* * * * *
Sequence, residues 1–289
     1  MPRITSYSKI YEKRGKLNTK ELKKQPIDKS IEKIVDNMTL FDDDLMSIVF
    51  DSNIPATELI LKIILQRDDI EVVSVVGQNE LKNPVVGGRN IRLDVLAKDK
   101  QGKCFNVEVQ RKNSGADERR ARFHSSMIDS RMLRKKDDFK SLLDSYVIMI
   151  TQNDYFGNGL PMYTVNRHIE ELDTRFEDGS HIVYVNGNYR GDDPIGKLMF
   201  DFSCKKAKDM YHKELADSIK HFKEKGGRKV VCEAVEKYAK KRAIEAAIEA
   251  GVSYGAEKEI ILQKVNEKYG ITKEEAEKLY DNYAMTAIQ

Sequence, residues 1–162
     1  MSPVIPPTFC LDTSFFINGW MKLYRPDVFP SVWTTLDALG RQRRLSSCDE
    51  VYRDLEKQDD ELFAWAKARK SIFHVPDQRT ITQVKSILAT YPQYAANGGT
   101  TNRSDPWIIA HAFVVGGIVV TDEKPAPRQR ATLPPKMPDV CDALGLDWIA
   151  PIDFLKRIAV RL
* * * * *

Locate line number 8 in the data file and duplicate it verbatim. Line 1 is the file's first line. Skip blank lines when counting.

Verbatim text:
Sequence, residues 1–162